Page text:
The Oklahoma District Court opinion, in finding that Baker v. Nelson is no longer controlling, comments on the Court’s curious silence on this point in United States v. Windsor.
Based on the Windsor I decision, it seemed likely that the Supreme Court would address Baker’s precedential value. See Windsor I, 699 F.3d at 178-79 (majority concluding that “doctrinal changes constitute another reason why Baker does not foreclose our disposition of this case); id. at 195 n.3 (Straub, J., concurring in part and dissenting in part) (acknowledging that “questions may stop being ‘insubstantial’ when subsequent doctrinal developments so indicate” but concluding that Supreme Court decisions had not “eroded Baker’s foundations such that it no longer holds sway”). However, no Justice mentioned Baker in any part of the Windsor decision. At least one commentator criticized this silence. Jonah Horwitz, When Too Little is Too Much: Why the Supreme Court Should Either Explain its Opinions or Keep Them to Itself, 98 Minn. L. Rev. Headnotes 1, 2 (2013) (explaining that Baker was “examined in detail” in the Supreme Court briefs and criticizing Supreme Court for failing to discuss Baker) (“For a case of such length and significance, it is nothing short of amazing that no one refers, even in passing, to what struck the lower courts and the litigants as a potentially dispositive case.”).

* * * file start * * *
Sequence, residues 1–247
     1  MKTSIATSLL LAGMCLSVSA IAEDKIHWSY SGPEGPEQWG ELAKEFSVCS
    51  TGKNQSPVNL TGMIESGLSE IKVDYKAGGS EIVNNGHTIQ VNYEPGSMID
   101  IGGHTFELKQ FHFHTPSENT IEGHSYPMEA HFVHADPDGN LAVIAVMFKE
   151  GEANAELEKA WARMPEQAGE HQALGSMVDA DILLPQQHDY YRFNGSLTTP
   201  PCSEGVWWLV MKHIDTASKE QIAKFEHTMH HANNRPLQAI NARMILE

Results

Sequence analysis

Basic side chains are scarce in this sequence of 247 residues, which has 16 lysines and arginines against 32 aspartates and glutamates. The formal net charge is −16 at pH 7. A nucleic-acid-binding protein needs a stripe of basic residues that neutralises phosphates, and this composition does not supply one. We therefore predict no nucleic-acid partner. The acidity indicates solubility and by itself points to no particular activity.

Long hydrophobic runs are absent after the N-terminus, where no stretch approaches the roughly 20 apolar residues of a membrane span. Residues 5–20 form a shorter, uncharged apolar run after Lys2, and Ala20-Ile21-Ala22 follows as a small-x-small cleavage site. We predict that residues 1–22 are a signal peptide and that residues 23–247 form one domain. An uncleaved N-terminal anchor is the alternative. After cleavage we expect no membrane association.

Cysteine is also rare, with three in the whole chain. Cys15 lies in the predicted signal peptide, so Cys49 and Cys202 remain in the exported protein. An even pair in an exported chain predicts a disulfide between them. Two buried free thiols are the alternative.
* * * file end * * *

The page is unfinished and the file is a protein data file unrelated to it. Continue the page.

I’ve also queried this point. During oral arguments, Justice Ginsburg in Perry hinted it was not controlling. The SG agreed.
In any event, Minnesota legalized marriage equality, thus mooting Baker v. Nelson. Kind of.